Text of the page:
Downy goldenrod (solidago puberula) is a smaller plant, but it carries a big punch with its bigger heads of flowers on straight stems.

  • Dense wand-like spikes of yellow.
  • Stays stout and erect and makes a fantastic cut flower. It also dries well.
  • Tolerates poor and dry sandy soils and won’t run rampant.
  • Like grass-leaved goldenrod, it is also tough, low maintenance, and will thrive over many years without needing to be divided.
  • Native from Novascotia to Florida, it is hardy in zones 3-9. It blooms from August to October, and this popular variety is on the shorter side at 12-36” tall.

Solidago sempervirens Seaside Goldenrod

Seaside goldenrod (Solidago sempervirens) next to some rocks.
Seaside goldenrod (Solidago sempervirens) from The Wild Seed Project.

If you are building a landscape in a coastal region, the Seaside goldenrod (solidago sempervirens) is a pretty plant that is a little less wild-looking and a little more leafy and fresh.

  • Salt and drought tolerant late season bloomer that provides bright visual interest.
  • Tolerates poor and dry sandy soils and won’t run rampant.
  • Long-lived with little to no maintenance.
  • Hardiness in USDA zones 3-9. Bloom from August to October Prefers sun to partial shade
  • Grows to a height: 24-40”

Solidago speciosa Showy Goldenrod

Goldenrod plants in bloom in a field.Showy Goldenrod (Solidago speciosa)
Showy Goldenrod (Solidago speciosa) in Kunkel State WMA. image by Brett Whaley

Showy goldenrod is often described as elegant and, well, showy. It has big bright blooms and the best part about it is that Solidago speciosa has a fibrous root system. Unlike other goldenrods that have rhizomatous roots (that spread readily if in ideal conditions) – this variety will only spread by increasing the size of clumps.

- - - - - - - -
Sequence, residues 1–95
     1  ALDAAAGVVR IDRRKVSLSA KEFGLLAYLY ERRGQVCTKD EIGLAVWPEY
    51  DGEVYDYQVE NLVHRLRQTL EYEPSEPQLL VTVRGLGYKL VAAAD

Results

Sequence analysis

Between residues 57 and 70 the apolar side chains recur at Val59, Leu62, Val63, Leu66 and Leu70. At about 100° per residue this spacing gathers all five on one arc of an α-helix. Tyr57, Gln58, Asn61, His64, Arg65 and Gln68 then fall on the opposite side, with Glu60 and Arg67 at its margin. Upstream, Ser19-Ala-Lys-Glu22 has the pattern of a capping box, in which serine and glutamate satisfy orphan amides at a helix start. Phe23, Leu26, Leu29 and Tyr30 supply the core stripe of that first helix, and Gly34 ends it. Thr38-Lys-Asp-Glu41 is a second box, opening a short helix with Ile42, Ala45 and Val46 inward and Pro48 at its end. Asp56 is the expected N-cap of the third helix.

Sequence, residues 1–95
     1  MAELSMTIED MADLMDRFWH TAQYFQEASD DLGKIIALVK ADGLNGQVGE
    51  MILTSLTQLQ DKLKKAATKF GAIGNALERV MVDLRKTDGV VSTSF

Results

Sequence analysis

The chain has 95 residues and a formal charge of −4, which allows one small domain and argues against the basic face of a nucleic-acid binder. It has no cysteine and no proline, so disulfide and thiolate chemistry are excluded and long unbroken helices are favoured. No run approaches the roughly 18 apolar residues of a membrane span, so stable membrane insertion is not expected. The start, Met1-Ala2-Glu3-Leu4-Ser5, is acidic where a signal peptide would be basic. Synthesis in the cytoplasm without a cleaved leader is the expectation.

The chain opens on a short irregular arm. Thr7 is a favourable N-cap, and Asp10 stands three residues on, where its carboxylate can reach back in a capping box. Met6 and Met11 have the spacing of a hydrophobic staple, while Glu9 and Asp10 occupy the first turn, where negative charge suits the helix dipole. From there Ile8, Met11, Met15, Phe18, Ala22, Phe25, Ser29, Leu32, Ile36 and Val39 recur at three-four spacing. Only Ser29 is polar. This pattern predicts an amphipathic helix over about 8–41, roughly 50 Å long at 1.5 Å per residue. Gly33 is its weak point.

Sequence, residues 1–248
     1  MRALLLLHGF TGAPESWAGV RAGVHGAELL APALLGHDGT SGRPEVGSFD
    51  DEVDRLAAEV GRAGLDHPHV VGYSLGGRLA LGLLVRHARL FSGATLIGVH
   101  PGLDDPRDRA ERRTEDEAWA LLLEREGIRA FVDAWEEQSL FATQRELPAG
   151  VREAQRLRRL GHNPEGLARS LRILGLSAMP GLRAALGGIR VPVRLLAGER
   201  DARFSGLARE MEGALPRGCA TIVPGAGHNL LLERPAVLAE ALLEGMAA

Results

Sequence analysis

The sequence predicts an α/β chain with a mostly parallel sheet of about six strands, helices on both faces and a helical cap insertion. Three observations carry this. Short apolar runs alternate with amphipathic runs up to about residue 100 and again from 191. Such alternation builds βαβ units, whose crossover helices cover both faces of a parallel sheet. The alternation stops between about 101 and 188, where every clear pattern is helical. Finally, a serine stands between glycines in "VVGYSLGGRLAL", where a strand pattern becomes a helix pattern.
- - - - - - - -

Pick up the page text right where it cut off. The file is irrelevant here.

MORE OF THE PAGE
• Showiest of all goldenrods and blooms a bit later than most others.
  • Large, feathery, dense plumes of pale yellow.
  • Tolerates mesic soils. Stays stout and erect and makes a fantastic cut flower. Dries well.
  • Tolerates poor and dry sandy soils and won’t run rampant.
  • It does not need to be split after a few years, and it is extremely low maintenance.
  • Hardy in zones 3-9. Blooms August October. Grows to 12-36”

Solidago nemoralis- Old Field Goldenrod

Yellow wildflowers growing against a blurred natural backdrop. Solidago nemoralis - Grey Goldenrod
Solidago nemoralis – Grey Goldenrod- image by Dan Mullen. – Gray goldenrod, Solidago nemoralis, (Asteraceae) is an especially small and late-flowering goldenrod found in dry open places. It has a peculiar wand-like shape and short, rough-hairy leaves.

Grey goldenrod (solidago nemoralis) is a slender stemmed plant and rarely reaches over 2 feet, making it one of the shortest varieties.
  • Tough and highly adaptable upright, un-branched foliage.
  • Yellow wand-like late-season flowers last for months.
  • Excellent plant for difficult areas. Keep dryer to prevent aggressive spreading.
  • USDA hardiness in zones 3-9. Blooms August-October.
  • Height: 12-30”

All data for this post was originally compiled by Roanne Robbins and Van Berkum Nurseries.